But that new something keeps morphing as our worldview shifts over time . . .

When resolutions began, thousands of years ago, we reminded ourselves to pay off debts and keep the gods happy. If the gods were happy, the world ran smoothly. As society became more military, we pledged allegiance to a king as we prepared for the next round of battles.

At some point in modern history, our focus shifted inward, to self-improvement. We set goals to make us more physically, spiritually, financially, or mentally fit: give up sugar, pay off credit cards, start a running program, go to bed earlier, stop smoking . . .

But just a relative few years into the new millennium, people trend toward making no resolution at all. Why is that?

Why we’ve stopped making resolutions.

Yes, we still care about being in shape, taking care of our bodymind, but we see more deeply into that goal set than we once did . . . or we want to. We know more about our brothers and sisters living in poverty at home and abroad. Our resolutions start to look shallow in relation to the refugee crisis or human traffiking.

the bigger picture of our new year's resolutions

from “Borders,” www.lucabarberini.com

A question emerges – and I hear this question between the lines of every therapy conversation. Why do I want that? Why do I want to make more money? What makes me want to be thinner, calmer, and stronger? What drives me to want better concentration? Why do I care to read more books? Watch less TV? Spend more time in quietude?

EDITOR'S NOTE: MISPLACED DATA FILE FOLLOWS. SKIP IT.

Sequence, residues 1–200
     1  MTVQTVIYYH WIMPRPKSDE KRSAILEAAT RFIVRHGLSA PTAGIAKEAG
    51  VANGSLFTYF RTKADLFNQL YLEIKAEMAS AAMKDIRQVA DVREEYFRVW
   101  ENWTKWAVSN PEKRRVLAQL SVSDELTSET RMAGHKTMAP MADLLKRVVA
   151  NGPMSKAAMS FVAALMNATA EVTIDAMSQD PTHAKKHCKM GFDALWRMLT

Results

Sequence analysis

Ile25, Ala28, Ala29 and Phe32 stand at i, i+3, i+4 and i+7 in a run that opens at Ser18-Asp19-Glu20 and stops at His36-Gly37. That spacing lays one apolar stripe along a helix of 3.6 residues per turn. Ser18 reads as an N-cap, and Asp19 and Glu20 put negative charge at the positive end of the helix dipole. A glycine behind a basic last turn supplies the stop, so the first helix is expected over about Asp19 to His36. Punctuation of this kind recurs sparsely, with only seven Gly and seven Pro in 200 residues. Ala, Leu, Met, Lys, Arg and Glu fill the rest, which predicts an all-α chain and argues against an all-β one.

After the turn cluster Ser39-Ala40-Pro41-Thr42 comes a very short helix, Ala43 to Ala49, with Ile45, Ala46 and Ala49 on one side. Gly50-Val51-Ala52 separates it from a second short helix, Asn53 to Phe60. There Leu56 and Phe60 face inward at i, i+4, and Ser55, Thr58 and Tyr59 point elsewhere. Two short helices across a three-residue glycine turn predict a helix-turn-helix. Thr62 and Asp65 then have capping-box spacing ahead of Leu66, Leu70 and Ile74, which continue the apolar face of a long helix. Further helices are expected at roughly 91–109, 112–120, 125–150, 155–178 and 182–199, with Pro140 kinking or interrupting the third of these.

Does it even matter? We glimpse a bigger and more complicated picture than just our own personal fulfillment. We see how we are connected to every living creature. We sense a deeper spiritual meaning in our quest for a smaller waist and we want to understand why we put so much energy there. Who am I? What’s this part of me that needs to be more solvent, improve my marriage, and give more to charity? What’s this part of me that needs to fit into my skinny jeans?

To see if a new awareness could be happening to you, try this exercise.

  1. Get your notebook, a timer, and pen. Light a candle. Get some tea. Write this question: What do I want? Try not to judge your answers. Just write them down. Make a list.
  2. Take several deep breaths and then write this question: Why do I want that? Pick an item from #1.
  3. Set your timer for ten minutes. Answer the why question. Keep your pen moving on the page without stopping, for the entire ten minutes. Repeat for each item on your list, or if they fit together, write about them as a set.

Talk to someone about this exercise and what you learned. You may suddenly see more deeply into your motives and needs. This deeper vision of your why is a way more powerful motivator than a simple list of resolutions. Your why is what your higher self knows you need to help you continue growing, becoming a better person, becoming all you can be, all you were meant to be. Return to this page anytime you need to remind yourself why you do what you do and see if it helps you get motivated to action.